I have asked the Director of Education, Mr Falconi, to come along to the Town’s Committee of the Whole meeting on 18 March 2019 or send a representative.
On Saturday (9 March 2019) by email he conceded for the first time that the Board may be prepared to undertake pre-condition (or pre-construction) surveys but only on a “case-by-case” basis.
This is not good enough.
What criteria would he use to decide who would – or would not be - getting a survey? What if the criteria used is capricious? What if, as is likely, no record is kept of how the decisions were made?
Who would have believed it possible that a responsible organisation such as the York Catholic District School Board would walk away from the property damage caused, bending the truth into a pretzel in the process?
The YCDSB is not a law unto itself.
If the School Board won’t do the right thing then the Town has no option but to bring in a by-law without delay to prevent this happening to others.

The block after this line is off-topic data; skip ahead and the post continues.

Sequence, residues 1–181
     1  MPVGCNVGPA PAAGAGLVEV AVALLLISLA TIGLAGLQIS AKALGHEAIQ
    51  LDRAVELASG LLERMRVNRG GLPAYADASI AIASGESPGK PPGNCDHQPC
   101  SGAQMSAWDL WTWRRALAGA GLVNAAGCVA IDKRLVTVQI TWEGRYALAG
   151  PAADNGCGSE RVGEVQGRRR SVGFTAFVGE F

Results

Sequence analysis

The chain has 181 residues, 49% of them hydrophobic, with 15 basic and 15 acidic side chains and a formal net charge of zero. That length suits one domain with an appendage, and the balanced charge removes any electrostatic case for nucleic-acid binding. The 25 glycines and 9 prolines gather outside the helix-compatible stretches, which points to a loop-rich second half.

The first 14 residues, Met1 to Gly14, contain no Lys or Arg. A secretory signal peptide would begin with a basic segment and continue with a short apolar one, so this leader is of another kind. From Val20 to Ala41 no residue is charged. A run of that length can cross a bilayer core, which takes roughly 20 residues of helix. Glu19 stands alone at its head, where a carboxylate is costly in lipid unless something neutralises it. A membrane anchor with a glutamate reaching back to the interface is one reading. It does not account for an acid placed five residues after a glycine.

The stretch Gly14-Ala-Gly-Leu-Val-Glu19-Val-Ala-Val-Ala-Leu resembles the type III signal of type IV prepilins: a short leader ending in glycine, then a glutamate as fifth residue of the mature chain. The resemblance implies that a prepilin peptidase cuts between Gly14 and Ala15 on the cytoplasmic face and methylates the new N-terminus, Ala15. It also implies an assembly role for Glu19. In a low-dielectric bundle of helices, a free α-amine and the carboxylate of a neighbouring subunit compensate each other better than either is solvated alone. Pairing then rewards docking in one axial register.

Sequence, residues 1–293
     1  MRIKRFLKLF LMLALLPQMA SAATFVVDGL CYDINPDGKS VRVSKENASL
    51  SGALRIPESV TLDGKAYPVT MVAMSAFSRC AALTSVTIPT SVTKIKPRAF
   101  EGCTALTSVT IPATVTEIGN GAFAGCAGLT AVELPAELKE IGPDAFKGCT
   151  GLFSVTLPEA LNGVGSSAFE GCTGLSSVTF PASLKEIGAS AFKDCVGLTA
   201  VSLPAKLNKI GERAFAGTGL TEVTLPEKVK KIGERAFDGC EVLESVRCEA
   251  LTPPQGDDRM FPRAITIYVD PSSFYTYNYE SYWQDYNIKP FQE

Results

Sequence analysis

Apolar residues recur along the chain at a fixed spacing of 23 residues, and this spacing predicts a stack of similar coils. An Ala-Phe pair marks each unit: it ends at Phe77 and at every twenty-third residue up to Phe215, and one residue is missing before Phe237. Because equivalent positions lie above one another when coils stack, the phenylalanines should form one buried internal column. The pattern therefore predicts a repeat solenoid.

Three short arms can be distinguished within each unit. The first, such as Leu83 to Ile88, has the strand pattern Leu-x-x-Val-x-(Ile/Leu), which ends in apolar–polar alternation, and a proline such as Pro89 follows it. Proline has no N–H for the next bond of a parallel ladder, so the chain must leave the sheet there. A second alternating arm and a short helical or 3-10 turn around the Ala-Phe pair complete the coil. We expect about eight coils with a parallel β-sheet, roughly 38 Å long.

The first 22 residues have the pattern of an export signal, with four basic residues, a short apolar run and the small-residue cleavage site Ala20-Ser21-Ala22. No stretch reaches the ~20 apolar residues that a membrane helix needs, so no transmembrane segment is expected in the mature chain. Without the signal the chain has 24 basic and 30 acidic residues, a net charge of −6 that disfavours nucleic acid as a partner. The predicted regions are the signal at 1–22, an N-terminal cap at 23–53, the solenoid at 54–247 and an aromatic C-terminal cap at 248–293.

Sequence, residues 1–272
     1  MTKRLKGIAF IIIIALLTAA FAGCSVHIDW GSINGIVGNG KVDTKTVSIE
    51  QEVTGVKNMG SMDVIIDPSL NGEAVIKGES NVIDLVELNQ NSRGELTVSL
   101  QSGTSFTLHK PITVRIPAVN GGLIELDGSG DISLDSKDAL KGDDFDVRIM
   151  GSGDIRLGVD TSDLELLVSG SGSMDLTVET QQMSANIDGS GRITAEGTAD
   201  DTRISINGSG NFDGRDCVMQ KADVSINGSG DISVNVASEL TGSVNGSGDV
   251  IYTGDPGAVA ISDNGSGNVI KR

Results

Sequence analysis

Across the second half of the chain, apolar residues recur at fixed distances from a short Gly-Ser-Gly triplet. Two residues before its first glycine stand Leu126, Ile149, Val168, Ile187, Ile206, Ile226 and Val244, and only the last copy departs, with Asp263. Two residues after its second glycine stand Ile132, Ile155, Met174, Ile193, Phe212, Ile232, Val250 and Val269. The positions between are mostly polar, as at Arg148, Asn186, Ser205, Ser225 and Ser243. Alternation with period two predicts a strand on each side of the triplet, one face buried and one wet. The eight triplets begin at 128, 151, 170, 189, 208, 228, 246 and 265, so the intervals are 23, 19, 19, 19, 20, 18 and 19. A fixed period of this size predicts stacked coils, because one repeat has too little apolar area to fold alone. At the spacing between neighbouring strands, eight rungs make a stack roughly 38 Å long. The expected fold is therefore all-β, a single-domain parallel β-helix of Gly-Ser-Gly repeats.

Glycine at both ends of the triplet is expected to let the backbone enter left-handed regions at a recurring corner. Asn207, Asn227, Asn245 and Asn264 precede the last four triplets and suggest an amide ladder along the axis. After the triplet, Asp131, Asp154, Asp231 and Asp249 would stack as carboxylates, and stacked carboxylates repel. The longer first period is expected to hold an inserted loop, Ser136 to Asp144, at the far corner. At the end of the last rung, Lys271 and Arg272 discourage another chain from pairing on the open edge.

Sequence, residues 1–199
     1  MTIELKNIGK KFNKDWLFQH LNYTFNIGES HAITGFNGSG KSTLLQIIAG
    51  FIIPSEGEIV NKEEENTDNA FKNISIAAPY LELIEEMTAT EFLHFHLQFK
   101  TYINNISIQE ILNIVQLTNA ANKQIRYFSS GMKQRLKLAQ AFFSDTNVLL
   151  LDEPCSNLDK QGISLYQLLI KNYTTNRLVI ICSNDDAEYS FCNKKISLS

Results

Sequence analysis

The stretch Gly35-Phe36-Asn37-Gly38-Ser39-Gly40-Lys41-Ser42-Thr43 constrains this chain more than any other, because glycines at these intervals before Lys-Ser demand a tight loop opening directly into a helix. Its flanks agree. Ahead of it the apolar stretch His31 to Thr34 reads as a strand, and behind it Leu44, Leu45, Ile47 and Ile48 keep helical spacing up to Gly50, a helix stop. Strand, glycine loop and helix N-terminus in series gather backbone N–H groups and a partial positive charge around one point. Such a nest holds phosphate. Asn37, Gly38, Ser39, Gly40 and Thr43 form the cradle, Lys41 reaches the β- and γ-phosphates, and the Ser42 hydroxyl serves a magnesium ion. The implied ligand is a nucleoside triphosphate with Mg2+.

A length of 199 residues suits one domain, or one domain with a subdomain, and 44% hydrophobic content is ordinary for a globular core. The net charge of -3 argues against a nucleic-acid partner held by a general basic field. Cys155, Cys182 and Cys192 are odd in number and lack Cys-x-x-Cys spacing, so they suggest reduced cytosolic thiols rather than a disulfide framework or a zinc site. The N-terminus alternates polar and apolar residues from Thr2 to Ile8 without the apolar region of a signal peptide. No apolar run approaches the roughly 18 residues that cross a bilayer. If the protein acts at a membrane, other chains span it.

Update on 19 March 2019. You can watch the Committee of the Whole debate on Construction Vibration on 18 March 2019 here starting at 1-06 in.
Update on 25 March 2019. And this is how Newmarket Today covered the story.
Update on 5 April 2019: Coverage on the situation in Glenway
- Written by Gordon Prentice
On 25 February 2019 Regional Councillor Tom Vegh felt fit enough to tell his Facebook readers that for the first time since his knee surgery he was able to spend time at the office. This is excellent news.
Unfortunately he wasn’t at the crucially important meeting of York Regional Council on 28 February 2019 when the Budget was up for debate. But this trifling detail didn’t stop him from formally reporting back to Newmarket Council meeting last night (4 March 2019) on what happened at the Regional meeting he didn’t attend.
As it happens, I wrote to Tom last December to ask how he intended to deliver on his promise of a new library and seniors’ centre on the Hollingsworth site:
I thought your election pledges of a new library and seniors’ centre were among the boldest on offer and I am keen to follow their progress through the coming Council term.
Can you let me know what initiatives you are planning and when?
Tom tells me he is diligently working on it.
Characteristically, he is playing his cards close to his chest.